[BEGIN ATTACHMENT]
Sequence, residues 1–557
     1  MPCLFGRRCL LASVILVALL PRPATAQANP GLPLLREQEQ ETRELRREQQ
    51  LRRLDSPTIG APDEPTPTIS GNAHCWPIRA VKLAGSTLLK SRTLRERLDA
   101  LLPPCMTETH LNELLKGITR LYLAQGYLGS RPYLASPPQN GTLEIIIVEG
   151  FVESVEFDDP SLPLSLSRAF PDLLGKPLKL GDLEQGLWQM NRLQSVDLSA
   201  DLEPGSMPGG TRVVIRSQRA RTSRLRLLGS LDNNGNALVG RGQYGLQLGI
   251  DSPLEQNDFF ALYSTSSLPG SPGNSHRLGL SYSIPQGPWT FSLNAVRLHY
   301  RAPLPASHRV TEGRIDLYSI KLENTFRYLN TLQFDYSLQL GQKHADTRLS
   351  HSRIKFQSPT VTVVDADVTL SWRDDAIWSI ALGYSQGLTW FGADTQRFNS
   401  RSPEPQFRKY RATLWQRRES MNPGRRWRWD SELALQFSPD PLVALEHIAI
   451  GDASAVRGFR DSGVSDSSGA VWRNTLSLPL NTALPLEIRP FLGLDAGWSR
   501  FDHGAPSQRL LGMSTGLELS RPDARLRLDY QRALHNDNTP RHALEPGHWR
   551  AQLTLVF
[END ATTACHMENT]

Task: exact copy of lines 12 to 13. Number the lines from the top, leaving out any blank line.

   501  FDHGAPSQRL LGMSTGLELS RPDARLRLDY QRALHNDNTP RHALEPGHWR
   551  AQLTLVF